REVIEW: ‘Yes Day’ Brings Much Needed Joy

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Yes Day

I’ve been looking for a heartwarming film that just brings joy to watch right now. Netflix has an answer to my search with its newest original film: Yes Day. The film is directed by Miguel Arteta and adapted to the screen by Justin Malen from Amy Krouse Rosenthal and Tom Lichtenheld‘s book of the same name. In truth, it’s been a while since we’ve gotten a family comedy centered around parents being parents, kids being kids, and touching on the complexities that come with them. The film stars Jennifer Garner and Edgar Ramírez as parents Allison and Carlos Torres, with Jenna Ortega, Julian Lerner, Everly Carganilla, playing their children Katie, Nando, and Kellie, respectively.

In the film, Allison and Carlos were an adventurous couple that said yes to exploring the world and having fun. But, all that changed with kids. Needing to instill structure in their children’s lives, the two have hit the point where they always feel like they have to say “no” to their kids. While this falls harder on Allison, the designated disciplinarian of the family, Carlos’s daytime job of saying “no’ as a lawyer has left him desperate to win his kids’ love and attention—while also making Allison the bad guy.

Now, this dynamic may feel played out, but it’s one I know all too well. My mom took on the role of the “no” parent, and my dad was the one I knew I could receive a “yes” from. And that dynamic stayed well into my adulthood. That said, in Yes Day, the family says “yes” to everything for 24-hours and grows from it.  Carlos understands Allison. Allison understands her kids, and most importantly, the kids learn a lesson on why sometimes you need to say “no.”

The idea of giving their kids a Yes Day comes after a parent-teacher conference when Allison and Carlos realize that their kids are very publically talking about how they don’t let them do anything. The two shrug off the idea until Katie, the pair’s eldest daughter, challenges Allison. After that, the bulk of Yes Day is an adventure through Los Angeles to complete five large tasks that the children have decided on beforehand. With some restrictions, the family takes off on wholesome moments that bring them closer together and embraces the fun. From gigantic ice cream bowls and absurd outfits to a giant water balloon fight, the family bonds easily. They begin to relax around each other, and it’s clear that giving in to the “yes” is healthy.

Well, that is until the third act, when the obligatory lessons come into play. Even while that may sound like Yes Day takes a tonal turn to the boring, it doesn’t. The way that Yes Day drives home a simple “kids, listen to your parents” and “parents, listen to your kids” message is well-executed and is kept vibrant enough to match the rest of the film’s tone. In fact, the film’s ability to adapt a picture book into a cohesive story while not feeling too hamfisted should be commended.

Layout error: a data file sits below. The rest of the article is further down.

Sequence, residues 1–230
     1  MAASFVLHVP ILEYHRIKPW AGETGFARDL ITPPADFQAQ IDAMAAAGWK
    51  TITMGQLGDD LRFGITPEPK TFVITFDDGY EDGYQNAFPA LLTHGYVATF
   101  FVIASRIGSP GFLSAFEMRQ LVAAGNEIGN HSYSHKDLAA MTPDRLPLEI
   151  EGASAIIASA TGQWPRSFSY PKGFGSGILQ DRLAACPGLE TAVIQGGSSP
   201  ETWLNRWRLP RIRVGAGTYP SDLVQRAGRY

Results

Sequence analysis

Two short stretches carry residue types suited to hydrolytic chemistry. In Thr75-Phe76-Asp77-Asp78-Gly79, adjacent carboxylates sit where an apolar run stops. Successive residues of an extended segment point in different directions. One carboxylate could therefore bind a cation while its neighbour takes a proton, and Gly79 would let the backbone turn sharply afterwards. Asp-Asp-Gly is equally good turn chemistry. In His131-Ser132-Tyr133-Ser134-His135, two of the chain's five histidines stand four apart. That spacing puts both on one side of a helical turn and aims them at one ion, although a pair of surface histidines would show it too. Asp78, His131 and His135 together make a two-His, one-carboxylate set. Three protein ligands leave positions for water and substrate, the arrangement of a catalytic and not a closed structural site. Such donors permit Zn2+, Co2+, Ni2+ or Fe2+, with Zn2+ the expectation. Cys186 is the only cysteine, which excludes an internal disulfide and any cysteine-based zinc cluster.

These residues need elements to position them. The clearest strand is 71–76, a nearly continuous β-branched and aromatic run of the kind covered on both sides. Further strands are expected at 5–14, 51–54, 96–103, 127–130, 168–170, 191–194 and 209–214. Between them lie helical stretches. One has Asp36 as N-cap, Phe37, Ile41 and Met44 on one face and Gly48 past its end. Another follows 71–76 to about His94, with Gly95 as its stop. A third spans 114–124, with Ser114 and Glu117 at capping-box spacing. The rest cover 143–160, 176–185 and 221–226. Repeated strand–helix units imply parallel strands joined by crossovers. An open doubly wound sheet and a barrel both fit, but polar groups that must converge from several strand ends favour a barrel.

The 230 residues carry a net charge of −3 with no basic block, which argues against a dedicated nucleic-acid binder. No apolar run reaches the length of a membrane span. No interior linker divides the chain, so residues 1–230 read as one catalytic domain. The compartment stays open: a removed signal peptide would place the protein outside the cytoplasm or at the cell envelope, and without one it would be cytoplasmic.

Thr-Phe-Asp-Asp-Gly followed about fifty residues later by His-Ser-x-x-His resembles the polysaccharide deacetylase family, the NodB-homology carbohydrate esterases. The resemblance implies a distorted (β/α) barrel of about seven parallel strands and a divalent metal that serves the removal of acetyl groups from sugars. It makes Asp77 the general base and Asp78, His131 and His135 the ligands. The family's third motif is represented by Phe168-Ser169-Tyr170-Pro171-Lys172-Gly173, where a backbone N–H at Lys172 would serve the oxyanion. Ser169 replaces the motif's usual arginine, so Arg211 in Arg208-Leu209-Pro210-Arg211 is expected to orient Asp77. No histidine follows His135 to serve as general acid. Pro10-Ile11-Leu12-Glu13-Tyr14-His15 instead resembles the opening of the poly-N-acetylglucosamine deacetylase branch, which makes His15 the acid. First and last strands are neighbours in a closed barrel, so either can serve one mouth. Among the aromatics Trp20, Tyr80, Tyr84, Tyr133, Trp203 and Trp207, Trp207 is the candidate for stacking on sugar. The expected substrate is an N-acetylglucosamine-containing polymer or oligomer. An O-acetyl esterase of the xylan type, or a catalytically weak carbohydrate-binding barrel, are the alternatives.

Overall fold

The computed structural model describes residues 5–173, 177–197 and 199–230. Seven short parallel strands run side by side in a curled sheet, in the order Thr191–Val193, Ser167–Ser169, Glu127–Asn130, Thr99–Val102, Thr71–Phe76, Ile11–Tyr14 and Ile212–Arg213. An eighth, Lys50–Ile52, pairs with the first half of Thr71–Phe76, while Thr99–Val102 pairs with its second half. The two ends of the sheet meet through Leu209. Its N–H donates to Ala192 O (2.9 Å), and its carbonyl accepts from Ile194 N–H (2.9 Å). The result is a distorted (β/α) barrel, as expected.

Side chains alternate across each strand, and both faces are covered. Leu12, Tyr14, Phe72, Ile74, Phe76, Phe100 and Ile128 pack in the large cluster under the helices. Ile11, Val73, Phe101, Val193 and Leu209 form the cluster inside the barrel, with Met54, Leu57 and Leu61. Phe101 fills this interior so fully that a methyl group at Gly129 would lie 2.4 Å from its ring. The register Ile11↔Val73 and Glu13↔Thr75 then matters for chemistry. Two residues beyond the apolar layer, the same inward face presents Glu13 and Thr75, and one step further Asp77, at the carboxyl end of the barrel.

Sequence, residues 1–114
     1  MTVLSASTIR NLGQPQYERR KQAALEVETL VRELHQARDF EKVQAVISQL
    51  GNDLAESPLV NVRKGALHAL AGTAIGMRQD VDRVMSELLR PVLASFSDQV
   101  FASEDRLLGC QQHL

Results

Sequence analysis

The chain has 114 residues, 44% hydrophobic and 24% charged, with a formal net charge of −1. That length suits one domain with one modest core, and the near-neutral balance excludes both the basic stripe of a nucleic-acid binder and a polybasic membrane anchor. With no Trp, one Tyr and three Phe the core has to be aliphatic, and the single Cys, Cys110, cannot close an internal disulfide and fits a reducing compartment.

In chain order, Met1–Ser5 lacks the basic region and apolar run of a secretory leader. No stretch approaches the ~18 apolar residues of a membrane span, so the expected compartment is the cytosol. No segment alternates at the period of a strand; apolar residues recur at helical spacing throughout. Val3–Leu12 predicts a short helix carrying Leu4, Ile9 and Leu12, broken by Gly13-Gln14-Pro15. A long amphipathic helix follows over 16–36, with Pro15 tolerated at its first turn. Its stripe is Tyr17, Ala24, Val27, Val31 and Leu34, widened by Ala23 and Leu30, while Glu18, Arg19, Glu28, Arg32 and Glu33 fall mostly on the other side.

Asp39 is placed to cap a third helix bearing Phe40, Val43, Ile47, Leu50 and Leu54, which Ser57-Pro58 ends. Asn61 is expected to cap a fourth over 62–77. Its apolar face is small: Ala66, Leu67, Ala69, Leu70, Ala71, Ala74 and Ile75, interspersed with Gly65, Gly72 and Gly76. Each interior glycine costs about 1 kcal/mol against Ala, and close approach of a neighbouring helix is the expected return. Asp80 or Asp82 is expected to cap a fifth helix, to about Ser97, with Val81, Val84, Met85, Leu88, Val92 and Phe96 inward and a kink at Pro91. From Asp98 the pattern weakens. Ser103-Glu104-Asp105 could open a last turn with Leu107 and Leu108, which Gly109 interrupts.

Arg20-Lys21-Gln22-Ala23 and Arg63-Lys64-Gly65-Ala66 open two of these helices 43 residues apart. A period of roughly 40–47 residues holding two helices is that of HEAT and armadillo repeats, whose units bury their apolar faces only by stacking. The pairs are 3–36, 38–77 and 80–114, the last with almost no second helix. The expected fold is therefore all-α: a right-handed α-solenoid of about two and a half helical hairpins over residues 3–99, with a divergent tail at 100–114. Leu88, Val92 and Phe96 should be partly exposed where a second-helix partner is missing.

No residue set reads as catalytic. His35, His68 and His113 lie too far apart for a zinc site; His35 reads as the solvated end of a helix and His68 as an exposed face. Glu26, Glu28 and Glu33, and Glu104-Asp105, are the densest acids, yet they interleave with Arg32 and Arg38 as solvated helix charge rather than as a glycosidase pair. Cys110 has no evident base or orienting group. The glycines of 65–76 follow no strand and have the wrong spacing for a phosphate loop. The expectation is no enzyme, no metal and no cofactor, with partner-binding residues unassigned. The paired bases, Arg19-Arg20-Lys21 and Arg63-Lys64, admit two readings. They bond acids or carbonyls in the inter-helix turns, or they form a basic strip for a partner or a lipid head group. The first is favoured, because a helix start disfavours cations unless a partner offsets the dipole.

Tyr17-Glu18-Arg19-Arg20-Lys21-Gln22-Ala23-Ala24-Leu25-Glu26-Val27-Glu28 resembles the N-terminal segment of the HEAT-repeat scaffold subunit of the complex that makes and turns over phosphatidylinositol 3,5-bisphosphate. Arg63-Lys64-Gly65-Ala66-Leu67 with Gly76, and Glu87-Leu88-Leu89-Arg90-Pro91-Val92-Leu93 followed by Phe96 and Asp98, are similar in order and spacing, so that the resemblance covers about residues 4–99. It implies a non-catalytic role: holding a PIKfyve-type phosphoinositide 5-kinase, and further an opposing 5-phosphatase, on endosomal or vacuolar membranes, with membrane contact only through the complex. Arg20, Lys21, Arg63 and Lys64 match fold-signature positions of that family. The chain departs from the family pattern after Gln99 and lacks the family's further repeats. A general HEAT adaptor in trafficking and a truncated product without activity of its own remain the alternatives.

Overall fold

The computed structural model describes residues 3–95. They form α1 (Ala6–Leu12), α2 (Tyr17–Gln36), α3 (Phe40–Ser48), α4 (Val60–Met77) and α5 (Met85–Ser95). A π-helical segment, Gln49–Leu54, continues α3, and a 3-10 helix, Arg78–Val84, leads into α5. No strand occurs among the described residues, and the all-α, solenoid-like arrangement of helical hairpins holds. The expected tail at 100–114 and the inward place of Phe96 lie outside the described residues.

Additionally, the aspect of seeing a mixed Latinx family on-screen without providing cultural stereotypes or overt commentary on identity was something I didn’t realize that I needed. Often, Latinx families are put into positions where they have to deal with trauma like in series like On My Block or the remake of Party of Five—the former focused on life in a gang area, and the latter focussed on children surviving after their parents are deported. While both those series represent an axis of Latinx identity, for once, it’s heartening to see a film showcase a family just being family without all of the trauma that so many non-Latinx define us against.

Yes Day

Plus, to top it all off, the chemistry among the cast is phenomenal. Garner embodies the tough mom so well, and Ramírez plays a docile dad perfectly. The two together are wonderful, playing off of each other’s energy and landing well-timed physical and dialogue-based comedy. But the family is rounded out by the children. While the three young actors hold their own, the most compelling scenes are when the parents get to be one on one with them. The most heartwarming moment that made me think of time with my own dad was in the film’s opening when Carlos drives Ellie to school. The two sing to the radio loudly and in a coordinated fashion that brings out an adorable father-daughter bond.

My one issue with Yes Day is that some of the ways Spanish is worked into the film don’t land well. While Carlos or Katie says small Spanish lines that land, Allison’s more robust lines feel forced. And while that could be because Garner isn’t Latina, which isn’t trying to be in the film, it hits me differently given that I come from a family that spoke Spanglish with one parent never using it at all because he couldn’t speak it.  That said, it’s a small element to a charming movie.

In the end, Yes Day gets a big yes from me. It’s wholesome, joyous, and hits the spot in a pretty dark world. With many more book adaptations slated from Netflix, I hope they all meet this adorable standard.

Yes Day is available exclusively on Netflix on March 12, 2021.

Yes Day
  • 7.5/10
    Rating - 7.5/10


In the end, Yes Day gets a big yes from me. It’s wholesome, joyous, and hits the spot in a pretty dark world. With many more book adaptations slated from Netflix, I hope they all meet this adorable standard.